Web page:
Thursday, February 16, 2017
As many readers know, I am heavily involved in planning international white collar crime conferences with the American Bar Association Criminal Justice Section. These have become wonderful learning and networking opportunities for those with an interest in the many issues in the field that transcend national boundaries.
I’m excited to announce the next international conference offering will occur on April 5, 2017 in Hong Kong. The event will focus on Global Investigations and Compliance: From Regulatory Trends to Leveraging Innovation and Technology. I expect this conference to be a wonderful compliment to the successful Global White Collar Crime Institute the American Bar Association held in Shanghai in 2015. If you attended the Shanghai event, I hope you will join us again and reconnect with the many colleagues and contacts you established at that earlier conference. If you were not in attendance in Shanghai, I hope you will join us in Hong Kong and be introduced to the growing network of international professionals making these American Bar Association white collar conferences an important part of their network.
Seating is limited for this event, and I hope you will register today to reserve your spot (click here to register). I look forward to seeing many of you in April.
Official ABA Event Description
PwC Hong Kong and the American Bar Association are hosting a full day seminar with four robust panel discussions followed by a networking reception. The panel sessions will focus on a number of pertinent topics, such as exploring regulatory updates, international investigations, navigating cross-jurisdictional issues in Southeast Asia, and the future of blockchain technology in compliance programs. The content for these panels will be delivered by leading experts, including prominent attorneys in the US and Asia, US regulators, consulting professionals, corporate executives, professors, and others. The target attendees for this event are international and Hong Kong/China based legal and corporate professionals focused on white collar crime and compliance.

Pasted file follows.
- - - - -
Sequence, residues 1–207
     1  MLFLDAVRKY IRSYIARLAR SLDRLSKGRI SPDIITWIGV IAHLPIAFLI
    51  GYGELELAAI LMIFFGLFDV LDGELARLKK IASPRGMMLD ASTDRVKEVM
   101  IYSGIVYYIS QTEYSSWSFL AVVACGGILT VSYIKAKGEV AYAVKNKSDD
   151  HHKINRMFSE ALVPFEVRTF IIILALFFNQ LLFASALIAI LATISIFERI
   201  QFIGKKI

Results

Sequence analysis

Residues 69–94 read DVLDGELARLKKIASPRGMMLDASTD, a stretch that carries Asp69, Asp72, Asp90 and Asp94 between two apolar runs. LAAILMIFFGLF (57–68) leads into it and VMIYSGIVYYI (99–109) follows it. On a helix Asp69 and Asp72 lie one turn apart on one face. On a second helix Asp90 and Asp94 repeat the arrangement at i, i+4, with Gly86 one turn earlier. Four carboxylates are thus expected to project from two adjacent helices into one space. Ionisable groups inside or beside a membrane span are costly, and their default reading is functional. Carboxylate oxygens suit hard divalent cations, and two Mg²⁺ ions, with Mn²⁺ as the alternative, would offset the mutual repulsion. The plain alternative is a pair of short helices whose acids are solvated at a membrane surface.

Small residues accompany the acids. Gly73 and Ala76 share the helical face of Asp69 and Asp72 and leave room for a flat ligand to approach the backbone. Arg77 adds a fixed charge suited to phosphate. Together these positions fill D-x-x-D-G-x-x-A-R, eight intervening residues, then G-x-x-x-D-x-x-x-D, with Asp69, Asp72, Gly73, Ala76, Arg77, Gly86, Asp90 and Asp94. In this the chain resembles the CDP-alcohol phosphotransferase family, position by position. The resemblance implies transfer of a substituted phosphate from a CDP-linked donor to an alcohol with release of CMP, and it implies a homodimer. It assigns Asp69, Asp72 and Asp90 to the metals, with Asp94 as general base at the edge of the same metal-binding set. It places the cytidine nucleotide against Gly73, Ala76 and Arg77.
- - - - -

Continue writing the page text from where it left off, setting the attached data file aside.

- Regulatory Update: Recent Trends in Enforcement
- Current State of International Investigations
- Navigating Cross-Jurisdictional Issues in the South Asian Market
- Block-chain Technology: What does it mean for the Future of Compliance Programs?
More information here.
Wednesday, February 15, 2017
There is something to be said about having career prosecutors, FBI, and other employees of the government immune from the political struggles surrounding them. They are tasked to focus on their jobs irrespective of the party in power. And clearly sometimes it is probably not easy.